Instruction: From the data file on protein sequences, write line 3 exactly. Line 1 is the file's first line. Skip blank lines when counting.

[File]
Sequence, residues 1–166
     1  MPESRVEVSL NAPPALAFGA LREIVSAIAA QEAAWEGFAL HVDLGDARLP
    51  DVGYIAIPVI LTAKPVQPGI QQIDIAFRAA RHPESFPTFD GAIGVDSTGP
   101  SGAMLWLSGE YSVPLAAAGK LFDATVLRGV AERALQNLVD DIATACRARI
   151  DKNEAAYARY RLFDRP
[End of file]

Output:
    51  DVGYIAIPVI LTAKPVQPGI QQIDIAFRAA RHPESFPTFD GAIGVDSTGP